In the last few years, research has linked extended sitting to a host of health problems—among them, obesity, diabetes, heart disease, and premature death—so many employees, recognizing that movement might improve their health, now use standing workstations. But if your standing workstation is not correctly adjusted, you too are at risk of developing musculoskeletal disorders. If you stand at your desk, the same principles apply for positioning your monitor, keyboard, mouse, and the workplace objects to which you need easy access. In addition, comfortable, supportive (work-appropriate) shoes are a must, and an anti-fatigue mat might help as well. (For more information about setting up ergonomically sound workstations, both standing and seated, take this link to the website of the US Department of Labor’s Occupational Safety and Health Administration.)
Most importantly, during the course of the day, especially if you don’t use a standing workstation, remember to move, move, move! “It is vital that employees in sedentary jobs make time for movement. Approximately once per hour, workers should get up from their desks and stretch. Spending breaks walking can also mitigate much of the potential strain of long periods of computer use,” says the Florida Division of Risk Management. Movement is the kindest gift you can give to your body during work hours. Periodically, get up from your desk, walk to your printer, walk to your co-worker’s office, walk to the copy machine—whatever it takes to keep you from sitting in the same position hour after hour. If you tend not to move much while at work, or if your idea of moving is gliding around on your chair from your computer to your printer, your body, and your productivity, are likely to pay a price. In addition to changing your position and physically moving around, employees are encouraged to follow the “20/20/20 rule”: every 20 minutes, for 20 seconds, look away toward something at about a 20-foot distance. This will cause your eye muscles—and your brain—to stretch a bit, rejuvenating you for the work ahead.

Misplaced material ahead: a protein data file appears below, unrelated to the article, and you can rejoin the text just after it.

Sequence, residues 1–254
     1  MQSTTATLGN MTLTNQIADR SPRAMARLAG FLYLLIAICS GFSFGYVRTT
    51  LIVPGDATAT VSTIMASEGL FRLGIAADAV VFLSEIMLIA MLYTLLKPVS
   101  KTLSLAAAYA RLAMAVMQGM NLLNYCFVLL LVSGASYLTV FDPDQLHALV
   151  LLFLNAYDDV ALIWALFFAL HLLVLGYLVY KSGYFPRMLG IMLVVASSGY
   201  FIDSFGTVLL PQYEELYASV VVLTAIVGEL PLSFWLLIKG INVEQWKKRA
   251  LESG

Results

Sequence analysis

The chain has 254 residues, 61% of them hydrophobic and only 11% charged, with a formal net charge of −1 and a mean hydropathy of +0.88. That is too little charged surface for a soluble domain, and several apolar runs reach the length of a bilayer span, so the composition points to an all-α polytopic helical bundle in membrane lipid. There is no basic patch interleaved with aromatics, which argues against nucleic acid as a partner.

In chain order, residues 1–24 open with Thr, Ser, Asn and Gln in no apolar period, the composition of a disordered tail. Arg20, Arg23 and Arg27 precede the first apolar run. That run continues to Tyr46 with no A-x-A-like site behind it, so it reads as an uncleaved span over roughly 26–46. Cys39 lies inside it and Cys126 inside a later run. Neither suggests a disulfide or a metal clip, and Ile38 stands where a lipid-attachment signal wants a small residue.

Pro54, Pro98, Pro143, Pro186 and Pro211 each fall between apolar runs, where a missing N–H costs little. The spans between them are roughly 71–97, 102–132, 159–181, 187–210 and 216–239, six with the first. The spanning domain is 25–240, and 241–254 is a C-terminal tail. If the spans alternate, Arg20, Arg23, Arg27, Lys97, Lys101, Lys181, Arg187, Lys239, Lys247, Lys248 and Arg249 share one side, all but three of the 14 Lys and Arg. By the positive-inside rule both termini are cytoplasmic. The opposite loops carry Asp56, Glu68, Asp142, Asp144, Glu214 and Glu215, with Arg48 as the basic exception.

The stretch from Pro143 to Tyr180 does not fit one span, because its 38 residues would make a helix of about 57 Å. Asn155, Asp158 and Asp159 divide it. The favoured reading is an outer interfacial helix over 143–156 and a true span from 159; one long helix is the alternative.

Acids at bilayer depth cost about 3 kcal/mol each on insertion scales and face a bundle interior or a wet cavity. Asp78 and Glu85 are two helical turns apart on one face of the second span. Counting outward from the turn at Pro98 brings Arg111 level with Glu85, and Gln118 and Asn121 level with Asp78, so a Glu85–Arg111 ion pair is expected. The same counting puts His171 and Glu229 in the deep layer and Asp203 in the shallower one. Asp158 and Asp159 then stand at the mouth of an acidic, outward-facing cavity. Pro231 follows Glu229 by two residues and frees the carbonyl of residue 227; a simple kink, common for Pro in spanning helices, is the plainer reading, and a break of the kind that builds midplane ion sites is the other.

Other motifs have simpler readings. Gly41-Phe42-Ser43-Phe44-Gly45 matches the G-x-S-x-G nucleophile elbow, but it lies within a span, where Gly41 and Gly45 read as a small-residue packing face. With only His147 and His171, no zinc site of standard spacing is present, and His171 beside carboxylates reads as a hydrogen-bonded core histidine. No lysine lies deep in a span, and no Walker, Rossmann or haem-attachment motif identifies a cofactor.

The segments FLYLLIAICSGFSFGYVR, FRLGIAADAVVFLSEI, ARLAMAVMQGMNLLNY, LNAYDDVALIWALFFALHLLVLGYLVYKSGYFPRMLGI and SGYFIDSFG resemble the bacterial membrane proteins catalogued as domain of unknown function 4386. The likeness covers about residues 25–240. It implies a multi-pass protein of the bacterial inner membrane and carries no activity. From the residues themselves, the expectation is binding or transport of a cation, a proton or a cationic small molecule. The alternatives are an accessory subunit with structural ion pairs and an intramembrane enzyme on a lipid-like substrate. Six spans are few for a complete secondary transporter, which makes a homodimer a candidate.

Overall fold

It’s critical that we develop healthy habits in our bodily approach to work. Because most of us are so used to doing things wrong, in ways that have hurt our bodies over many years, these new habits may seem awkward at first. It’s said that it takes about three weeks to create a new habit, so we have to be patient with ourselves until the new habit settles in. But the rewards will definitely be worthwhile, and our bodies will surely thank us.